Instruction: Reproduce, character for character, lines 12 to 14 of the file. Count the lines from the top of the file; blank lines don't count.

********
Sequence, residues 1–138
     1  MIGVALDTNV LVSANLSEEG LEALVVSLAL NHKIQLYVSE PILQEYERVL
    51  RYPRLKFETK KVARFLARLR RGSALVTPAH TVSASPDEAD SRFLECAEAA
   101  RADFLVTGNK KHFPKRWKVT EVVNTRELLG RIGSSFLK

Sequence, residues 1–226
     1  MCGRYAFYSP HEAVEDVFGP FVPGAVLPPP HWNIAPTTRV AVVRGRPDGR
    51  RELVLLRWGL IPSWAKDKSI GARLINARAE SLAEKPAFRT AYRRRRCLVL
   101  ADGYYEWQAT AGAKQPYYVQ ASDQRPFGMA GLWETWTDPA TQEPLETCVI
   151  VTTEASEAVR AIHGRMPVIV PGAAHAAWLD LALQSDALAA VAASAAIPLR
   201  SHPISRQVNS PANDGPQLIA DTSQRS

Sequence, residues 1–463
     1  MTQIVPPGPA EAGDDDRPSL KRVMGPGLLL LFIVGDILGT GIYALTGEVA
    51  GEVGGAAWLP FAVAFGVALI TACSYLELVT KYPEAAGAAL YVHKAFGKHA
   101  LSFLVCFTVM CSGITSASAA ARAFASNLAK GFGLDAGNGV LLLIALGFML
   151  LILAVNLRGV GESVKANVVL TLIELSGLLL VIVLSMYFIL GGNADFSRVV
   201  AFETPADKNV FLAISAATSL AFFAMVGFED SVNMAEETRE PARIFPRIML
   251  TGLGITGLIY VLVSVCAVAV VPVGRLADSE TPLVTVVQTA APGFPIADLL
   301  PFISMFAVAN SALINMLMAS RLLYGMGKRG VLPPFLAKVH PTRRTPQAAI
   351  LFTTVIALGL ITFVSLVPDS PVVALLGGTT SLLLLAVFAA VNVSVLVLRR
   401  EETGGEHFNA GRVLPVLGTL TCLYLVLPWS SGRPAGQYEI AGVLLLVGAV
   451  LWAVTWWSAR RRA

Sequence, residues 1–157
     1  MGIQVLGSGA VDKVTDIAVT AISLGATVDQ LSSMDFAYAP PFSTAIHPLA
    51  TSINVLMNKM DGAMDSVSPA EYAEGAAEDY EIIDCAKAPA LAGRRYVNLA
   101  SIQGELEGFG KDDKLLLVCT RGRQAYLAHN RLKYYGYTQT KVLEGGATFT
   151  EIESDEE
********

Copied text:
     1  MTQIVPPGPA EAGDDDRPSL KRVMGPGLLL LFIVGDILGT GIYALTGEVA
    51  GEVGGAAWLP FAVAFGVALI TACSYLELVT KYPEAAGAAL YVHKAFGKHA
   101  LSFLVCFTVM CSGITSASAA ARAFASNLAK GFGLDAGNGV LLLIALGFML